This assembly explores our views about those who are different to us and the extent to which we welcome them into our lives and the community
This secondary assembly challenges listeners to consider their views about differences and similarities and their concept of the stranger or outsider. It is based on the recent events in south Belfast where a group of Romanians fled their homes following attacks and harassment.
- Five Readers and a Leader
- If possible, play this Sky News report about the Romanian attacks
Note for teacher:
- Care should be taken to be sensitive to any tensions within the school or community and to avoid creating tensions where none otherwise exist.
Reader 1: My name is Colin. Colin Macdonald. I was born here in [insert name of your local area] but both my parents are from Scotland [change country if appropriate]. They moved here because my mum got a job here. We’re quite happy here and I feel like I belong because it’s all I’ve ever known. When we visit my grandparents it feels odd because they speak with a different accent which I sometimes find hard to understand – and they say that I have an accent – but I don’t think I have. My parents also have relatives in Canada. They’re very Canadian, but they are the descendants of people who were kicked off their land a long time ago in something called the Highland clearances. So they have Scottish roots but they were born and raised in Canada as were their parents, grandparents and great-grandparents.
Reader 2: I’m a football fan. I support my local team [personalise with your local team or use a well-known Premiership team]. The funny thing about the team is that a lot of the players have come over from different countries. Some of them even play for their home nation when they play international football. It doesn’t really make any difference to me where they come from though. All that matters is that they play football well and score goals for the team. I never really think of them as outsiders or anything like that.
Reader 3: I’m a teacher. I’m over here on an exchange programme, teaching in a primary school. I think my pupils are great and they seem to like me. I’m from the USA and it’s good fun to teach the children a bit about my home country, as well as learning lots about theirs. The funny thing is that the children here are no different at all to the children back home. They have exactly the same hopes and dreams and fears and worries. Everyone here has been very welcoming and they have made my time here really enjoyable.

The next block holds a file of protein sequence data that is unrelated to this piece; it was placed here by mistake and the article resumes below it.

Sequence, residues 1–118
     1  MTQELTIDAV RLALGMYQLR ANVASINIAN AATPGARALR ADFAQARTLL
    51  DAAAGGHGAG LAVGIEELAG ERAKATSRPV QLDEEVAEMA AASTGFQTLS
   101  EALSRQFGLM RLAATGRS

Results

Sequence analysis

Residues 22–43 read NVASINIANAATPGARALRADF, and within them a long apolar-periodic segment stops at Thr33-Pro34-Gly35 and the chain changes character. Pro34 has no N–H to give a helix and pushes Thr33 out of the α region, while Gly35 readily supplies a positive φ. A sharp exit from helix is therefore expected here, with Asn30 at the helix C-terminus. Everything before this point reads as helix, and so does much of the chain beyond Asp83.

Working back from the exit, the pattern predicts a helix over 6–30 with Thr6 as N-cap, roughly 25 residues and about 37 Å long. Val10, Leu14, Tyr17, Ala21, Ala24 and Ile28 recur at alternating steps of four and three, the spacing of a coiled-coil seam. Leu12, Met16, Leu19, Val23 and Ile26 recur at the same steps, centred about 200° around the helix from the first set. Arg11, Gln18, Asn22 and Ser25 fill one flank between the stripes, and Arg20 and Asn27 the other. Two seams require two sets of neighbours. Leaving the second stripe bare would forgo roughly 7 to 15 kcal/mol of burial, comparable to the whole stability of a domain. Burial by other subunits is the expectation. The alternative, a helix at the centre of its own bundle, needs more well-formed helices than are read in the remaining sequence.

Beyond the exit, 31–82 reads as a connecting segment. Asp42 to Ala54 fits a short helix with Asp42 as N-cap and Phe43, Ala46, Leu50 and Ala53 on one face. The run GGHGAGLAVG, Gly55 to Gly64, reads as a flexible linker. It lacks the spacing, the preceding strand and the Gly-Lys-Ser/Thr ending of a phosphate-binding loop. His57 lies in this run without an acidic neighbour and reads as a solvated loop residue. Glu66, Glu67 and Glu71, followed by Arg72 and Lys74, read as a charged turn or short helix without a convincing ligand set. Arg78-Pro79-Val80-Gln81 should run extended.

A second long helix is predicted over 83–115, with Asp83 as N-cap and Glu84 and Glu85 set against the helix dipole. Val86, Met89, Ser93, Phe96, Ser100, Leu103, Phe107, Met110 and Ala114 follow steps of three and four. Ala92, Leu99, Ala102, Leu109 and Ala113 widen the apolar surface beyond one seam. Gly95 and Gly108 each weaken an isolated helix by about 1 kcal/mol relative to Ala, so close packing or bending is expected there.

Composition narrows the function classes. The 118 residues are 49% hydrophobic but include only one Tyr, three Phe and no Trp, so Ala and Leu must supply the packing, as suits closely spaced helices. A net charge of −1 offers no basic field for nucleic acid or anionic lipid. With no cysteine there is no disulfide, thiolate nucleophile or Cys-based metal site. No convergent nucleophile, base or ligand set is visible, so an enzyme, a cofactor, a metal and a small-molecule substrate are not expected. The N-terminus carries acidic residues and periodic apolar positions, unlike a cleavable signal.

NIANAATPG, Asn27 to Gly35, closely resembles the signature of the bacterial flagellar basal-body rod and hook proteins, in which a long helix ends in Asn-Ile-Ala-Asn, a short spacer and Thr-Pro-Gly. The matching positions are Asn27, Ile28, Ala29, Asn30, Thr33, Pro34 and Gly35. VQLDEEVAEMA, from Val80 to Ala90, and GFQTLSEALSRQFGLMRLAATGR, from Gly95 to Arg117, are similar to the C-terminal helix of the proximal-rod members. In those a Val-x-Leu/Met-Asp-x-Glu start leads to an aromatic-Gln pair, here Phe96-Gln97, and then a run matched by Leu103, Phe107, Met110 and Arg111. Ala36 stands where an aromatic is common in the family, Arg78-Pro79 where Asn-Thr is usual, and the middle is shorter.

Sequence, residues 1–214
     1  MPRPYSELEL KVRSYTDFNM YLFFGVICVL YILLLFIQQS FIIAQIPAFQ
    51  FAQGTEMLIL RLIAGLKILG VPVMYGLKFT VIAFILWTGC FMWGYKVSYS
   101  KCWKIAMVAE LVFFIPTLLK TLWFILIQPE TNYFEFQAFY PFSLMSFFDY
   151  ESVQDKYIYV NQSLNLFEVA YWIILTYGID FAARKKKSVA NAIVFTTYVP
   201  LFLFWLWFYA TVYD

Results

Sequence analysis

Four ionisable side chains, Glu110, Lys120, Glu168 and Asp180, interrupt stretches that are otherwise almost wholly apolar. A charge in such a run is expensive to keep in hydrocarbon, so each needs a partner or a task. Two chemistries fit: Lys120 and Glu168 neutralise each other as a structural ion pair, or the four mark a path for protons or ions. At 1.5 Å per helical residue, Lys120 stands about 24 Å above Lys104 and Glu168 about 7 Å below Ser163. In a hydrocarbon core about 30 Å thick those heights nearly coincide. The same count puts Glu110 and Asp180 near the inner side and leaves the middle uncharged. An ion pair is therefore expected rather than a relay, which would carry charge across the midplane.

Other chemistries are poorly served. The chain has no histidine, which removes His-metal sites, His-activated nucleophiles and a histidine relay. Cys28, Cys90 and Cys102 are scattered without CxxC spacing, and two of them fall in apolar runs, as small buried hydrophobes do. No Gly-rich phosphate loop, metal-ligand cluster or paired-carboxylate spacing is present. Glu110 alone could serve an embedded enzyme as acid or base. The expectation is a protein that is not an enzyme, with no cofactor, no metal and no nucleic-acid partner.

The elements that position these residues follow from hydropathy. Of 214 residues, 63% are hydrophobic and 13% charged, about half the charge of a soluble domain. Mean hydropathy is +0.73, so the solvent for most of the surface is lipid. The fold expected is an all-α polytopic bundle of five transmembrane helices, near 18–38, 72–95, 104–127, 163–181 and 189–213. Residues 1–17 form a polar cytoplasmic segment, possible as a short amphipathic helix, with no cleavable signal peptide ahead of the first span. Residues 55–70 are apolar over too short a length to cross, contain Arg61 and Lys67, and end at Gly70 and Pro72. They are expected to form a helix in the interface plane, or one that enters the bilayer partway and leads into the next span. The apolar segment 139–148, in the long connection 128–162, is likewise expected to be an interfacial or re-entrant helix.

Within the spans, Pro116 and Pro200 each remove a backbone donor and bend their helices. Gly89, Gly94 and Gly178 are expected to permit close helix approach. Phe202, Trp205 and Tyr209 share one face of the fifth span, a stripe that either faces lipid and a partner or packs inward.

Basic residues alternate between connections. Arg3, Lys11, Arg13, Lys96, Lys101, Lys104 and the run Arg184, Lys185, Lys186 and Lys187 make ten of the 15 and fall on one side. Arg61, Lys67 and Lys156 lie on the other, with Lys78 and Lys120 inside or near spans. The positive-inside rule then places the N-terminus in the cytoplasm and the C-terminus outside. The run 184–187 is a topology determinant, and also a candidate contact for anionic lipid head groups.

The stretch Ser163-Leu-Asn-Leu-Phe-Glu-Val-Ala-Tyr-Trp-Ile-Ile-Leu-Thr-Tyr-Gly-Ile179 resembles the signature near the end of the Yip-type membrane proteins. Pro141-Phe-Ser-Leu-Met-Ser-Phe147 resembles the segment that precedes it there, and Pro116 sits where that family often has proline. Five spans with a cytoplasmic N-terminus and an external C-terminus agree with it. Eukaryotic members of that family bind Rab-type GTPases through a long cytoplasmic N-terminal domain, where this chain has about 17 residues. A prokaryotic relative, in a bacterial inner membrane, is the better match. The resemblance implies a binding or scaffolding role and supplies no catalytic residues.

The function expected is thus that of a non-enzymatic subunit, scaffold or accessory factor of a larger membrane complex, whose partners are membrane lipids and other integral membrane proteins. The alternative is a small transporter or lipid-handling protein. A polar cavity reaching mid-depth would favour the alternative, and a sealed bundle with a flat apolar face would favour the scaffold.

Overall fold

Reader 4: My new dentist is from Poland. She’s great. She is very calm and I never feel nervous about going, like I used to with my old dentist – and he was born here and so were his parents and grandparents end everyone back for probably about a thousand years. It doesn’t matter to me where my dentist is from – all that matters is that she makes something unpleasant more bearable.
Reader 5: One great thing about our area is all the different food places there are. I like eating out a lot and I’m not all that interested in greasy fast food – even though I know all teenagers are supposed to be! There are Indian restaurants and Chinese and Malaysian. There’s a Thai restaurant and even a Mongolian restaurant. There’s a Turkish place which not only serves great food, but it’s like sitting in a Turkish house with all the decorations and atmosphere. Imagine what it would be like if none of those great places were there – what a dull place it would be.